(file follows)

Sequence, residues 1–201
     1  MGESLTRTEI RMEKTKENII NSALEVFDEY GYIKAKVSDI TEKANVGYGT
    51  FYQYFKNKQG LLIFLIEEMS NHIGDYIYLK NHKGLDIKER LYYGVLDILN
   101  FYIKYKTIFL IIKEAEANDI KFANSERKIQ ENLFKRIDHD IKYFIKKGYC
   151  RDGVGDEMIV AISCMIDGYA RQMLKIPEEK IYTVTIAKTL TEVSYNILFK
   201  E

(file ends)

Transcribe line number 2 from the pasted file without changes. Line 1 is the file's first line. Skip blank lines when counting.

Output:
     1  MGESLTRTEI RMEKTKENII NSALEVFDEY GYIKAKVSDI TEKANVGYGT